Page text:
WEEKEND WORRIES: Saturday at Bethpage Black brought a first for Woods _ four three-putts in a single round.
Not so unusual this year are his struggles on the weekend.
The year has not been all bad. Woods has won three times, the most of anyone on the PGA Tour. The Barclays, however, was only the latest tournament where he was in range of contention and went the other direction.
He was only three shots out of the lead at Bethpage until his four three-putts led to a 72, and then he really imploded on Sunday. Woods shot a 40 on the back nine, which started with a three-putt double bogey on the 12th hole.
Woods has only five rounds under par in the last round, three of those leading to wins. The others were a 62 at the Honda Classic, where he started the final round nine shots behind, and a 66 at the Bridgestone Invitational, where he was 11 shots behind going into the final round.
His final-round scoring average is 70.83. His third-round scoring average is 70.62. Only one other time in his career has Woods averaged over 70 in the third and final round. That was in 2010, the year he returned from his personal turmoil.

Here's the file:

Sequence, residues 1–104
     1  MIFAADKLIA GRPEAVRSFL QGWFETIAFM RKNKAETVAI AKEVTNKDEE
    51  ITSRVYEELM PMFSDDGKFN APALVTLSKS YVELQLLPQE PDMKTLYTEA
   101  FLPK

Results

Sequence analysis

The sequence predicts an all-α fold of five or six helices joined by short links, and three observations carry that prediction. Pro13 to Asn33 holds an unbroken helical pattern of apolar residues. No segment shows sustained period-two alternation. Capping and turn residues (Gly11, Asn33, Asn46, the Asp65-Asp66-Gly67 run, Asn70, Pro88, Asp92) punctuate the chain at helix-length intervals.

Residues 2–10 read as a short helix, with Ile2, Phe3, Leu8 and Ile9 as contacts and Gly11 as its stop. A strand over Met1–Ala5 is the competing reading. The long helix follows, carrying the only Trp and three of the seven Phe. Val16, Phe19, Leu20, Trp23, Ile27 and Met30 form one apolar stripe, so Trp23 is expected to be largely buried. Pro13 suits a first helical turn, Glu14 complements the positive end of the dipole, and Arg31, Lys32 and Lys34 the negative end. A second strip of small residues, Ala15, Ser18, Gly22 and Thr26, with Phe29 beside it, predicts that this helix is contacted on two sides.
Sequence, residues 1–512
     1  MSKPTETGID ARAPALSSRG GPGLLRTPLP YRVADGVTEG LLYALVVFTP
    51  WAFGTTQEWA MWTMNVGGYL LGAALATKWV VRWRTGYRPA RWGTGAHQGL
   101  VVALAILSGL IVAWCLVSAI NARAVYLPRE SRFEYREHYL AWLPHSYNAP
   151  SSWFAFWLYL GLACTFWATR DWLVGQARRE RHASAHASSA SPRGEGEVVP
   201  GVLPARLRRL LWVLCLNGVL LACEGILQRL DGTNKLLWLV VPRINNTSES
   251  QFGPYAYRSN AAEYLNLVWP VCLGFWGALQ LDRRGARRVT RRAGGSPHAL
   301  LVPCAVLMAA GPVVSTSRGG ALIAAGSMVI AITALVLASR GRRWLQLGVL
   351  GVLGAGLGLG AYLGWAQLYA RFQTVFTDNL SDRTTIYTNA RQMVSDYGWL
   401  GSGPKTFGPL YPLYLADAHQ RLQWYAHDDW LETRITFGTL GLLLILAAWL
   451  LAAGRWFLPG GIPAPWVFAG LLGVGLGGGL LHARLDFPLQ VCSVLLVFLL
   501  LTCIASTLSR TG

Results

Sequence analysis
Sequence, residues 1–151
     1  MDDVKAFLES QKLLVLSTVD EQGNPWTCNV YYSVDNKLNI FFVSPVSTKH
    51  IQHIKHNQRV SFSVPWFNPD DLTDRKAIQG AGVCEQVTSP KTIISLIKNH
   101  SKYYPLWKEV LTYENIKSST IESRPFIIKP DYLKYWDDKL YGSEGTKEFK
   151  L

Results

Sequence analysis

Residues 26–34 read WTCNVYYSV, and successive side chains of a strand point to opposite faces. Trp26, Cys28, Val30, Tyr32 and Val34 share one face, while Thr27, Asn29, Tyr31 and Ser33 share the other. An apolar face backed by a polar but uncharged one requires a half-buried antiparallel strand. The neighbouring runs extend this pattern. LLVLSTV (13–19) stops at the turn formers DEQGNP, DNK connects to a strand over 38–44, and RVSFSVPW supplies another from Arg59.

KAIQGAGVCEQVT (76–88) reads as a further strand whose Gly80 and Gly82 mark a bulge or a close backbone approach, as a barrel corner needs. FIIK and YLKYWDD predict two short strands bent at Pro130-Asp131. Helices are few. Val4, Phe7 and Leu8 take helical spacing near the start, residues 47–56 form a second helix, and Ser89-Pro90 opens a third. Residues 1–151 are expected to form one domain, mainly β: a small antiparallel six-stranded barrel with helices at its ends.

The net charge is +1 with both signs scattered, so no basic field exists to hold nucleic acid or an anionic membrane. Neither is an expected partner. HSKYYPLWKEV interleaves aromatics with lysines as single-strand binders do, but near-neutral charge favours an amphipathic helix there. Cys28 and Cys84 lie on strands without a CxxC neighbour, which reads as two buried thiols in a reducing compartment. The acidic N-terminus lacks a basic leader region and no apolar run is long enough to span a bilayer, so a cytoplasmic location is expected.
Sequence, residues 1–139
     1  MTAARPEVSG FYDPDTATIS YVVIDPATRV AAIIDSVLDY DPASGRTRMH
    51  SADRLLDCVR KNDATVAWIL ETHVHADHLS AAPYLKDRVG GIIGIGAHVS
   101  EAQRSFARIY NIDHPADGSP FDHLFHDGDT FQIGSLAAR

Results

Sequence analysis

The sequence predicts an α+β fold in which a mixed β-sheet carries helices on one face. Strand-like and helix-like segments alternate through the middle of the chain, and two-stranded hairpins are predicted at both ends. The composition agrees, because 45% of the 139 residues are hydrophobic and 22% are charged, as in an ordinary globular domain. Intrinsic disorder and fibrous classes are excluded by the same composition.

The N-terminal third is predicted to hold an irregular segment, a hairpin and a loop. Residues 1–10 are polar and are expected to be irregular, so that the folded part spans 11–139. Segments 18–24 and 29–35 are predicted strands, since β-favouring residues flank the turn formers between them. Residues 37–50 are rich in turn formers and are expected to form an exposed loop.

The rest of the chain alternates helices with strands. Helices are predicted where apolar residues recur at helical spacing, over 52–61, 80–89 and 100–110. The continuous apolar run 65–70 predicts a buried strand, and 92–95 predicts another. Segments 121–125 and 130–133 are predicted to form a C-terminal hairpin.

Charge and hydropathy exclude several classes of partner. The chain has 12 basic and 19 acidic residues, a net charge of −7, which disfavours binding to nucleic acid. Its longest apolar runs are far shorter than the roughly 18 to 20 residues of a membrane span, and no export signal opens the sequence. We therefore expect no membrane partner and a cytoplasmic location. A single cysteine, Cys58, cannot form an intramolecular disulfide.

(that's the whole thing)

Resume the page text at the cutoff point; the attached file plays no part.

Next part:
McIlroy is leading with 78 points (10 points for the Honda Classic, 30 points for the PGA Championship, second in money and scoring), with Woods at 68 points (10 points for each of his three tour wins, leading money and second in scoring).
That could change in the next three tournaments, depending on how they fare in the rest of the FedEx Cup playoffs.
Woods is ineligible to win the Vardon Trophy because he withdrew in the middle of a round at Doral, when his Achilles tendon was hurting. He still gets credit in the Vardon Trophy standings for purposes of the PGA player award.